Several members of the French Resistance still survive, though their numbers are dwindling. The cause of Germain’s death is not known.
After the war Germain was named aide de camp to General Pierre Koenig, the commander of the French forces occupying Germany, before being demobilised in 1946.
After the war, Germain (pictured left in 1972) moved into politics and was the Gaullist mayor of Saint-Cheron, a town south of Paris, before becoming an MP in 1962 and serving as post and telecommunications minister from 1972 to 1974
He soon moved into politics and was the Gaullist mayor of Saint-Cheron, a town south of Paris, before becoming an MP in 1962 and serving as post and telecommunications minister from 1972 to 1974.
Germain also took part in war commemorations until he was at least 99, a towering figure standing at six foot three inches and decked out in his uniform weighed down with medals.
He made his last public appearance in June in a wheelchair alongside Macron at a ceremony to mark the moment many consider the resistance to the Nazi occupation began – with de Gaulle’s radio broadcast from London on June 18, 1940.
A memorial ceremony will be held at the Invalides monument in Paris in the coming days, according to Macron’s office.
Germain will be buried alongside other members of the elite order at the Mont-Valerien memorial site west of Paris on November 11, when France celebrates Armistice Day.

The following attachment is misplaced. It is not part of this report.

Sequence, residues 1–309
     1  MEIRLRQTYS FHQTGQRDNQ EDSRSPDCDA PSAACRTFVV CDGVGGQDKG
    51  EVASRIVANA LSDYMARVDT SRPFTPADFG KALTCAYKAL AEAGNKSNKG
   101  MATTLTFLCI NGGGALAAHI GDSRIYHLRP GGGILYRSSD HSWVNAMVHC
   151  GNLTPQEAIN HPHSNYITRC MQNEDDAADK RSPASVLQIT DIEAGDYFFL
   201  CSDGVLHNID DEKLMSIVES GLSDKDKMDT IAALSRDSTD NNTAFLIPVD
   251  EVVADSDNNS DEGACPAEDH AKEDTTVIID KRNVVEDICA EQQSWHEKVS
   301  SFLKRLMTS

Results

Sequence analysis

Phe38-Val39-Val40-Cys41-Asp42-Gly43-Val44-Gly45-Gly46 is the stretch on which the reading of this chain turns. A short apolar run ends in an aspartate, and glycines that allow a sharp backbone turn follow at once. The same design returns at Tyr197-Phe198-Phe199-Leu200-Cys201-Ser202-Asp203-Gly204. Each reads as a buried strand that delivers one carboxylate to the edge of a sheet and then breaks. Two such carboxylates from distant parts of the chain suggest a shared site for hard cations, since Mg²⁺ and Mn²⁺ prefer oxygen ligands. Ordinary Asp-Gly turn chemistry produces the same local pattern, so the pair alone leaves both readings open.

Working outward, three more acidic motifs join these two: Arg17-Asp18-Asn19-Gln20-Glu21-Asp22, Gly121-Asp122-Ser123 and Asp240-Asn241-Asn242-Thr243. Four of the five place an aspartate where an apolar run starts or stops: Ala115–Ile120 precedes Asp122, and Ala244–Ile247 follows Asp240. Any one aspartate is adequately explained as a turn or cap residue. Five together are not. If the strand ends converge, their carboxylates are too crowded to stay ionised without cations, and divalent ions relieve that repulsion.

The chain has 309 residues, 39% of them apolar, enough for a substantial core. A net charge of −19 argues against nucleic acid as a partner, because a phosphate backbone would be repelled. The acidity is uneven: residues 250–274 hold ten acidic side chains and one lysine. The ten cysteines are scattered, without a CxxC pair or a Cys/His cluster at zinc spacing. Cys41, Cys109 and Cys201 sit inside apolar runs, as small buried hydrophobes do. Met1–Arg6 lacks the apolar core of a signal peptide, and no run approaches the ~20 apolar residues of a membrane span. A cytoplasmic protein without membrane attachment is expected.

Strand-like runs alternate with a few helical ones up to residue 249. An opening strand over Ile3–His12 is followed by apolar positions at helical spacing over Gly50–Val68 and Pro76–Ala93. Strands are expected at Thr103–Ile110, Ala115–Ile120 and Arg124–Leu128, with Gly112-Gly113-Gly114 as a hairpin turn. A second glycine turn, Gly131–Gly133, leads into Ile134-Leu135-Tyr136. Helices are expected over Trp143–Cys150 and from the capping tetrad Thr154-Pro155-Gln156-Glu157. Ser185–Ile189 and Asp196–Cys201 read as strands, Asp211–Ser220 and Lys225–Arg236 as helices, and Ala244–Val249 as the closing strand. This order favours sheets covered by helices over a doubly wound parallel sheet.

What was the French Resistance in WWII?
Resistance in France began as soon as Nazis invaded in May 1940. At first, the French people acted alone and helped Allied soldiers and prisoners escape from the Germans. They would also hide Jewish people to save them.
They would write and print leaflets criticising the Nazis and distribute them secretly.
On 18 June 1940, Charles de Gaulle addressed the people of France from London and called on them to continue their fight against the Germans.
Four days later, on 22 June, when France surrendered to Germany, the French people reacted by organising groups which were collectively called the French Resistance.
The resistance movement in France developed to provide the Allies with intelligence, attack the Germans when possible and to assist in the escape of Allied airmen.
By the end of 1942, de Gaulle became the head of the Comité Français de Libération Nationale which led all resistance movements in France. This greater organisation meant the French Resistance became more effective in its efforts in 1943.
The resistance movement greatly increased their attacks on the French rail system, which drastically affected the German army’s ability to move equipment.
By 1944, it is estimated that there were 100,000 members of the French Resistance in France and there were 60 intelligence cells whose task was to collect intelligence rather than carry out acts of sabotage.
In the lead up to D-Day, the intelligence the French Resistance gathered was vital. In May 1944 alone, they had sent 3,000 written reports to the Allies and 700 wireless reports.
The brave members of the Resistance faced torture by the SS, with many ending up either dead or in a concentration camp.